I’d say reading is important, even vital. If you feel the need to re-read on occasion to sustain your love for the reading experience, then go ahead and re-read, especially books by—

Poseidon’s Scribe

Be Positive about Negative Capability

As part of our shared journey through the realm of fiction writing, let’s explore a few rooms within a stately mansion belonging to the English romantic poet, John Keats. In particular, what did he mean by the term negative capability, and how does it relate to creative writing?

photo By William Hilton – National Portrait Gallery: NPG 194

Nearly two centuries ago, on December 21, 1817, Keats wrote a letter to his brothers where he mentioned negative capability:

“…at once it struck me what quality went to form a Man of Achievement, especially in Literature, and which Shakespeare possessed so enormously—I mean Negative Capability, that is, when a man is capable of being in uncertainties, mysteries, doubts, without any irritable reaching after fact and reason—Coleridge, for instance, would let go by a fine isolated verisimilitude caught from the Penetralium of mystery, from being incapable of remaining content with half-knowledge. This pursued through volumes would perhaps take us no further than this, that with a great poet the sense of Beauty overcomes every other consideration, or rather obliterates all consideration.”

That may be confusing, but here’s what I think he means—If you want to be a great writer, be willing to:

  • delve into the essence of your characters (or objects, like a Grecian Urn),
  • shed your preconceived world-view,
  • abandon any search for meaning or the urge to fit things into a logical structure, and
  • accept any mysteries and ambiguities you find without trying to resolve them.

Keats praises Shakespeare for the Bard’s ability to show us his characters, through their speech and actions, as they would be, without the author’s heavy hand fitting everything into a coherent whole. Keats criticizes Samuel Coleridge for starting with a philosophical vision and fashioning poetic characters to illustrate that vision.

Why did Keats call this approach ‘negative capability?’ The Wikipedia entry offers an electrical explanation. However, I believe Keats was saying that a true poet should negate her own capability (to make judgements; detect patterns; deduce from, or induce to, general principles) and instead immerse herself in the object of study and absorb all that is there, with all its contradictions and inconsistencies.

For those of you still stuck on the word ‘Penetralium’ in Keats’ letter, let me digress a moment. The word refers to a building’s innermost part, like a temple’s sanctuary. By extension, it can mean the secret inner essence of a person—the soul. Keats thought in terms of rooms of the mind, as illustrated by a letter he wrote, which is cited in the Wikipedia article: “I compare human life to a large Mansion of Many Apartments…”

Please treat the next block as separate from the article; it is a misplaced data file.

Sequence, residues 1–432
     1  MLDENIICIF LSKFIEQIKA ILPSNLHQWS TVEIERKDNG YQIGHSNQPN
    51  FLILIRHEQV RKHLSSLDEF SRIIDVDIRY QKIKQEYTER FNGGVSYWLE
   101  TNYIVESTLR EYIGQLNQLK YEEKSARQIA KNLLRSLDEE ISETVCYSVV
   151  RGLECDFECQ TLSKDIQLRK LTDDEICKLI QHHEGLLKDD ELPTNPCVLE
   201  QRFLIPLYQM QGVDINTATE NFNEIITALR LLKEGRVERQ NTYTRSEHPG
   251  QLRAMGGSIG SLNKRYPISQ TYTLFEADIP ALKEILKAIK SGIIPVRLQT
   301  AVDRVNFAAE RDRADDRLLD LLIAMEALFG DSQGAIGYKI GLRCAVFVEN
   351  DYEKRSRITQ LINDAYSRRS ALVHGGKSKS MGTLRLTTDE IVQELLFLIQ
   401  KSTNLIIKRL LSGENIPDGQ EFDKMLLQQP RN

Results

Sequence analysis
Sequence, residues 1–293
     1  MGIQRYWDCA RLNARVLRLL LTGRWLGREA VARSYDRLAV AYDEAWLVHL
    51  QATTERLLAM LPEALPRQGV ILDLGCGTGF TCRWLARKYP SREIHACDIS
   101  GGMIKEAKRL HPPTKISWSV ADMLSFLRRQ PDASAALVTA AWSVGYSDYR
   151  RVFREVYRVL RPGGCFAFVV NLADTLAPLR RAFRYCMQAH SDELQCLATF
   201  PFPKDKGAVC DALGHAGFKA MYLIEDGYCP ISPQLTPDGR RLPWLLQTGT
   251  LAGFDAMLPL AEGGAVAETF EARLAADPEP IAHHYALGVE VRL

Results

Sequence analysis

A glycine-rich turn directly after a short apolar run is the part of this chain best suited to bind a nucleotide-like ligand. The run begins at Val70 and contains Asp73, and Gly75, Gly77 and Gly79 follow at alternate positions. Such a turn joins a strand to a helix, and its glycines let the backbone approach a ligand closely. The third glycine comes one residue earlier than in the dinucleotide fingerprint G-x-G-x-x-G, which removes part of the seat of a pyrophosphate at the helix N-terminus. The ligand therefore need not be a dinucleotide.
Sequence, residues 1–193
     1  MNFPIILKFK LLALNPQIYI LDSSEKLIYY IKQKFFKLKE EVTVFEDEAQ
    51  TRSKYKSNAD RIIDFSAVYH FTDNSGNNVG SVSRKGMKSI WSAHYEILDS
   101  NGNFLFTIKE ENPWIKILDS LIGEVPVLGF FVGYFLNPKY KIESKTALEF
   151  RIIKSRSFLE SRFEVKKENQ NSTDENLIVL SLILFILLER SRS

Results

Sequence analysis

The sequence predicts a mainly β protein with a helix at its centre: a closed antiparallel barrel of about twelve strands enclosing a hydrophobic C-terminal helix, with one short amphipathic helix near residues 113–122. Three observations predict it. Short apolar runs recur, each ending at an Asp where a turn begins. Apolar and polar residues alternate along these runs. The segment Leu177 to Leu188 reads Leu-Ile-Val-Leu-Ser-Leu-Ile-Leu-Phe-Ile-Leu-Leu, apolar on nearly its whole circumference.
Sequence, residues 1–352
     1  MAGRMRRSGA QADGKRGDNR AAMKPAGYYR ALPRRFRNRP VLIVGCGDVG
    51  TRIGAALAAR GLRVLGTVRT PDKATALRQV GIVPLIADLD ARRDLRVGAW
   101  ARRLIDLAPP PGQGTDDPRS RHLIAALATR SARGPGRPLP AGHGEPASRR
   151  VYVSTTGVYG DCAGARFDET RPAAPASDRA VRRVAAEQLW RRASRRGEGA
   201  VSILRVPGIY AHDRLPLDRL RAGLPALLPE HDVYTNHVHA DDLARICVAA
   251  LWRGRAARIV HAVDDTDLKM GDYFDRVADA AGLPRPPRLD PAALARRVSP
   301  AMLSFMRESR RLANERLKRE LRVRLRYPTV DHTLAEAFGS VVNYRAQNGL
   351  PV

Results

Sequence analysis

For another description of negative capability, see this video with author Julie Burstein, especially from 1:00 to 1:25. Also, check out this post at Keats’ Kingdom, and this one by Dr. Philip Irving Mitchell of Dallas Baptist University.

As for me, I take a nuanced view of negative capability, as it regards creative writing. I agree writers should empathize with their characters, to know them as directly as possible. That keeps all the characters from seeming to be slight variations of the author. I also concur writers should embrace “uncertainties, mysteries, doubts.” The worldview of any character and even the universe of the story itself don’t have to fit neatly together in every detail. The writer should approach the characters and story with an open mind, allowing things to develop as they would in their world, not necessarily in step with the worldview of the writer.

But where Keats asserts “the sense of Beauty overcomes every other consideration, or rather obliterates all consideration,” I suggest this applies to the story as a whole, not just one character. Characters are not works of art for a writer to portray, however empathetically, in isolation. They are part of a greater whole, the story, and that whole—with its plot, themes, style, setting, and characters—is the thing the writer must strive to optimize for reader enjoyment.

I hope you liked our visit to this mansion of John Keats’ mind. It’s time to continue with the rest of the tour, led by your literary tour guide—

Poseidon’s Scribe